11. 11. ACETYLCHOLINE (CONT..)     It is speculated that nerve AP activates adenylate cyclase in membranes of nerve terminals leading to formation of cyclic adenosine monophosphate (cAMP).cAMP subsequently opens Ca ion channels causing synaptic vesicles to fuse with nerve membrane & release Ach. Situated in close proximity is enzyme acetylcholinesterase. Acetylcholinesterase at the junction is the asymmetric or A12form protein made in the muscle, under the end plate. It is a type B carboxylesterase enzyme. There is a smaller concentration of it in the extrajunctional area. The enzyme is secreted from the muscle but remains attached to it by thin stalks of collagen fastened to the basement membrane This enzyme is responsible for the rapid hydrolysis of Ach in <1ms to acetic acid & choline. Choline then re-enters motor nerve endings to again participate in the synthesis of new Ach.
  12. 12. POSTJUNCTIONAL NICOTINIC RECEPTORS Postjunctional membranes contain 2types of receptors- junctional and extrajunctional , nicotinic cholinergic receptors are largely present on the postjunctional membranes.  Postjunctional nicotinic cholinergic receptors are glycoproteins with mol.wt of 25,0000 daltons. Each receptor consists of 5 subunits that are arranged concentrically and designated alpha, beta, gamma ,delta & e.There are 2 alpha subunits and these receptors are concentrated on the shoulders of postjunctional membrane folds which places them precisely opposite prejunctional release sites for Ach. 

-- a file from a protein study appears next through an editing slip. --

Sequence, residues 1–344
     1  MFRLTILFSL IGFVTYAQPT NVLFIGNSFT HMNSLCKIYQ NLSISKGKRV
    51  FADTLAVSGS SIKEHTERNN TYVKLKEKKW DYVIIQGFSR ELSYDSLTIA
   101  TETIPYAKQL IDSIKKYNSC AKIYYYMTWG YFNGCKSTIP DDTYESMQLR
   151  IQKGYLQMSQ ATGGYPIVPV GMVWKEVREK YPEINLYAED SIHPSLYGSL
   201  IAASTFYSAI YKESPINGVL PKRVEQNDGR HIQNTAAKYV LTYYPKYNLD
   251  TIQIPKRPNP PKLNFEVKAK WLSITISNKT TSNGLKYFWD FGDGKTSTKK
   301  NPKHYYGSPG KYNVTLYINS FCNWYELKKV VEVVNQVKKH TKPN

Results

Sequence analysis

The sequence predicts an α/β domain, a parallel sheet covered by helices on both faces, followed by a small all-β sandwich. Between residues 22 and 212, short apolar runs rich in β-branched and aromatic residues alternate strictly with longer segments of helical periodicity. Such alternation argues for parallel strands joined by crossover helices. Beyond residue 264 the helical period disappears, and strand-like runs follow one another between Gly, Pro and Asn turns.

13. 13. NICOTINIC RECEPTORS CONT.. Nicotinic cholinergic receptors extend throughout the skeletal muscle membrane and approx 2nm into the cytoplasm. The subunits of the receptor are assembled like barrel staves into cylindrical receptors which has a central funnel shaped core, so as to form a channel to allow the flow of ions along a concentration gradient.  Each NMJ contains millions of postjunctional receptors & a burst of Ach from the nerve ending open atleast 400,000 recptors. As a result sufficient flow through these receptors to depolarize the endplate to create AP. 
  14. 14. DIAGRAM